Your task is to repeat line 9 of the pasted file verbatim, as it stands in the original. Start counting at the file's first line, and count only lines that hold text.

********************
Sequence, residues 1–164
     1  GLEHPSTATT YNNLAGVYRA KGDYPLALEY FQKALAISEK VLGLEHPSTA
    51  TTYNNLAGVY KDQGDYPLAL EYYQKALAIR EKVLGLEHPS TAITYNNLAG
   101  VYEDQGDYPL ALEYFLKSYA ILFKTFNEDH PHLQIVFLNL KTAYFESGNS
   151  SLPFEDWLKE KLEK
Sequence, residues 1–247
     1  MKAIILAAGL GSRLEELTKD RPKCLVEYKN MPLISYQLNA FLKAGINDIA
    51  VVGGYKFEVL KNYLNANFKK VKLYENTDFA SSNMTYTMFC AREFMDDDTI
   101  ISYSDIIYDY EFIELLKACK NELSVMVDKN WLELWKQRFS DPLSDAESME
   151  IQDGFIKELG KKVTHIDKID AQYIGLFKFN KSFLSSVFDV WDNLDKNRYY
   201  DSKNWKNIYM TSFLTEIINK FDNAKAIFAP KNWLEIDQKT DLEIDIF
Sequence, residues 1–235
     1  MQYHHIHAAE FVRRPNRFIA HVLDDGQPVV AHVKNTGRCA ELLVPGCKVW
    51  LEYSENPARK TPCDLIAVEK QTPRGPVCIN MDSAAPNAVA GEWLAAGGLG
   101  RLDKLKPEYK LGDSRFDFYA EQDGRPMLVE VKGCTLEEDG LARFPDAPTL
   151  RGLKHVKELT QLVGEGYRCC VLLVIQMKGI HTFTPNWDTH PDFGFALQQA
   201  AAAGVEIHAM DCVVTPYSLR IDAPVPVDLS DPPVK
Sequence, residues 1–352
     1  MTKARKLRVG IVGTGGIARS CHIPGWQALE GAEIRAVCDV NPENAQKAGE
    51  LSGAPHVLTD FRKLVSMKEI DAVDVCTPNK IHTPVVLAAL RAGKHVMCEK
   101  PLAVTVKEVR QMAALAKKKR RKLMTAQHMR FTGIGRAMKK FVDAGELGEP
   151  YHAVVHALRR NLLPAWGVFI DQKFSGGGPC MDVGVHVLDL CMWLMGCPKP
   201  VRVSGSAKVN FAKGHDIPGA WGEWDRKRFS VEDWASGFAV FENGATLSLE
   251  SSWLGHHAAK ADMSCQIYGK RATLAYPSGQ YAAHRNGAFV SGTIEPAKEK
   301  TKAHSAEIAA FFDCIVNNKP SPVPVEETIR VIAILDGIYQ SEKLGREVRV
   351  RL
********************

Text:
   101  ISYSDIIYDY EFIELLKACK NELSVMVDKN WLELWKQRFS DPLSDAESME